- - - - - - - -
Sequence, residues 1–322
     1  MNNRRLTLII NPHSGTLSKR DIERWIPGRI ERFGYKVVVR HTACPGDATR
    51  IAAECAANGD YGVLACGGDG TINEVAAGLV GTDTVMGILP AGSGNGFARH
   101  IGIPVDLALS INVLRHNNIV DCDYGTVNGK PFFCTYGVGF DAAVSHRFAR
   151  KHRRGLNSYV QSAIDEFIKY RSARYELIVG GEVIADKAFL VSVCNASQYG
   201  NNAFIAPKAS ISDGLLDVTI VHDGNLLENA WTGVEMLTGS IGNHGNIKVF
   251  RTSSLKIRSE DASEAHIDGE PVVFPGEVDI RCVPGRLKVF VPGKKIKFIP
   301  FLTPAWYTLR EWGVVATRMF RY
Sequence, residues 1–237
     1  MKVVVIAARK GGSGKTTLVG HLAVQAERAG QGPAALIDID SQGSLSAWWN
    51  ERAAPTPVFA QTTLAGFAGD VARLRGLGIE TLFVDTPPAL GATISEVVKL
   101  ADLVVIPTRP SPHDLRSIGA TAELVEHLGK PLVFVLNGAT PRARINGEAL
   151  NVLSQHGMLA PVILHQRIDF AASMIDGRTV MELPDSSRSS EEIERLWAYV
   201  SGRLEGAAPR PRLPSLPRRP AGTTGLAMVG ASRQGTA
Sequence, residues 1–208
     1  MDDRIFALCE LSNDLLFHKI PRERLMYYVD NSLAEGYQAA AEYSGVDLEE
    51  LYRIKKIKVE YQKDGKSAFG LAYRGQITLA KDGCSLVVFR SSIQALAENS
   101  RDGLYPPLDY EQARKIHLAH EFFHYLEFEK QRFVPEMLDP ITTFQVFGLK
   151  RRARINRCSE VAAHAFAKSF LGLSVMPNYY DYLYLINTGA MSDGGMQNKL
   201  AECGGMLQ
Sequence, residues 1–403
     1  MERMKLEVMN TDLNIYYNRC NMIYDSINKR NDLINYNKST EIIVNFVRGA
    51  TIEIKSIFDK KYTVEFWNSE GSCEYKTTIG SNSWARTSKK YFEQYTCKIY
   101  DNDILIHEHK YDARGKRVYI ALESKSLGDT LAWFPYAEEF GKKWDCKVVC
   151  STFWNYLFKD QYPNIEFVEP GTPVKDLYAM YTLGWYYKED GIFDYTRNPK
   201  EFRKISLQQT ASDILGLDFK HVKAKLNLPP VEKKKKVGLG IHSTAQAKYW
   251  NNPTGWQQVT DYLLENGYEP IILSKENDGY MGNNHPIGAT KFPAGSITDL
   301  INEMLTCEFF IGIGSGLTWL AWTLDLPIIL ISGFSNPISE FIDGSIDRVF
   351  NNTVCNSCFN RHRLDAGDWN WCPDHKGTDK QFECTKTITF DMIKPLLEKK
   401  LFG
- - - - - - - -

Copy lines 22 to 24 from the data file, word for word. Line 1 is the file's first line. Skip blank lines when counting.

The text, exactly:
     1  MERMKLEVMN TDLNIYYNRC NMIYDSINKR NDLINYNKST EIIVNFVRGA
    51  TIEIKSIFDK KYTVEFWNSE GSCEYKTTIG SNSWARTSKK YFEQYTCKIY
   101  DNDILIHEHK YDARGKRVYI ALESKSLGDT LAWFPYAEEF GKKWDCKVVC